Tiberius Claudius Nero Caesar (November 16, 42 BC–March 16, AD 37) was the second Roman emperor of the Julio-Claudian dynasty, ruling from AD 14 until his death. Tiberius was by birth a Claudian—son of Tiberius Nero and Livia—and was the adopted heir of Augustus, who was a Julian. The subsequent emperors who were related in varying degrees to both families were members of this blended dynasty.
Tiberius received his position through his mother, who was Augustus's second wife. Tiberius became one of his step-father's principal lieutenants, leading military campaigns in Germany and on the Danube. In pursuance of their family policy, he was compelled by politics in 12 BC to divorce his first wife, Vipsania, daughter of Marcus Vipsanius Agrippa, and marry Julia, daughter of Augustus and widow of the same Agrippa (and, thus, his own step-sister and his first wife's step-mother), but that marriage failed. Tiberius went into self-imposed exile on Rhodes.
He returned several years later, following the death of Julia's sons by Agrippa, Gaius and Lucius, and was made Augustus's heir. When he became Emperor following Augustus's death in AD 14, the saturnine Tiberius quickly became unpopular, and when his nephew Germanicus was murdered in the East in AD 19, suspicions were voiced that Tiberius had had a role in his death.
Tiberius spent much of the latter part of his reign in self-exile on the island of Capri. The city of Rome was controlled in his place by Sejanus, the head of the Praetorian Guards. Sejanus, who was rumored to have poisoned Tiberius's only son, Drusus in AD 23, and certainly carried on an affair with Drusus's widow, Tiberius's niece Livilla, launched a reign of terror against possible political enemies. Germanicus's widow, Agrippina, and her elder sons, Nero Caesar and Drusus, were exiled to small islands, where they died.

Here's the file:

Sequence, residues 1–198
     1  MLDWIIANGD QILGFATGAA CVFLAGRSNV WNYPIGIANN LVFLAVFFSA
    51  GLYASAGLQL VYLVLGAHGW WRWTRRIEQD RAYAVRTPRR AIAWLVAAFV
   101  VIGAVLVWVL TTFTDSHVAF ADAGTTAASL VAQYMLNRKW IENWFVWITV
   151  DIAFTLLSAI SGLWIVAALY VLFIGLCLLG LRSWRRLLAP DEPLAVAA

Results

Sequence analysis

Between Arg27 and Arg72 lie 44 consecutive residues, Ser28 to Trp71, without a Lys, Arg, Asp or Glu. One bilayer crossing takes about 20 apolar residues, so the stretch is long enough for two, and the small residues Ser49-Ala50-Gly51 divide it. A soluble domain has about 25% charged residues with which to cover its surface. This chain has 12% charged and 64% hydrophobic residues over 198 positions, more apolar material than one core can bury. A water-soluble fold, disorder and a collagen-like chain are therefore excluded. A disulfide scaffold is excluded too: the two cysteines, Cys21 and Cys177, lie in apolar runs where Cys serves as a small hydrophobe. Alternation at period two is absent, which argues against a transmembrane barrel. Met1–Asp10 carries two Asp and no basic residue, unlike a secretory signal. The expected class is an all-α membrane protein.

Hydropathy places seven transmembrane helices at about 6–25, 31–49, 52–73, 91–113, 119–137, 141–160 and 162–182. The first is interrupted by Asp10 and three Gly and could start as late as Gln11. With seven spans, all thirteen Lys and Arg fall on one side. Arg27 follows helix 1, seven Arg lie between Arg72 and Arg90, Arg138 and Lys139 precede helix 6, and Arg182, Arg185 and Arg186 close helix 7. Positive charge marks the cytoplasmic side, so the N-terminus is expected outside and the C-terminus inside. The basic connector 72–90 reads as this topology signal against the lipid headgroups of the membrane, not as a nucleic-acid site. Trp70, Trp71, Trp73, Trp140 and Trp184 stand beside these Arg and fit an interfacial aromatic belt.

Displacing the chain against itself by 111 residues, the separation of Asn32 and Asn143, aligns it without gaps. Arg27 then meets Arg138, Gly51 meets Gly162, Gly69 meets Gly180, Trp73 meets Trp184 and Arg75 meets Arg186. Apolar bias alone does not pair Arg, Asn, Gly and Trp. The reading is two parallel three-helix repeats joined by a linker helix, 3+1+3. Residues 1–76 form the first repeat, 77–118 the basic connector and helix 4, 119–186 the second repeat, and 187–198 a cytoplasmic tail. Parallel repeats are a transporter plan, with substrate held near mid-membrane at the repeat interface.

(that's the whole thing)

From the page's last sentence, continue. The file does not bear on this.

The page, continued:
Sejanus, in fact, plotted to take control of the Empire, but his plans were foiled thanks to a timely warning to Tiberius from his sister-in-law, Antonia, and instead Sejanus and his supporters were arrested and executed in AD 31.
After having most of his potential successors killed, Tiberius summoned his grand-nephew Caligula and grandson Gemellus to Capri. Suetonius writes how Tiberius engaged in extreme sexual perversions on Capri, but he is an often-unreliable source and it is unknown if his reports are true.
Tiberius died on March 16, AD 37. Ancient sources like Suetonius and Tacitus report that Caligula and/or his guard Macro smothered Tiberius with a pillow. Most likely Tiberius died a natural death.
In his will Tiberius left the empire to both Caligula and Gemellus, but soon after becoming Emperor, Caligula had Tiberius's will declared void and later had Gemellus killed.
A bust of younger Emperor Tiberius
In the Bible, Tiberius is mentioned by name only once, in Luke 3:1 (stating that John the Baptist entered on his public ministry in the fifteenth year of his reign). However, since it was during his reign that Jesus preached, many references to Caesar (or the emperor in some other translations), without further specification, actually refer to Tiberius.
The town Tiberias on the western shore of the Sea of Galilee was named in Tiberius's honour by Herod Antipas.
Tiberius has appeared in the movies Ben-Hur, Caligula (played by Peter O'Toole), and I, Claudius (played by George Baker).
In the popular science-fiction television show "Star Trek", Captain James T. Kirk's middle name is Tiberius; according to the series, Kirk's grandfather was a historian fascinated by the emperor.
In the Command & Conquer series of computer games, the fictional power-crystal Tiberium that fuels much of the plot was (according to some sources) named after the emperor. There is also a series of Command & Conquer games named after the Tiberian Sun. However, it is not known if the Tiberian Sun was named after Tiberius.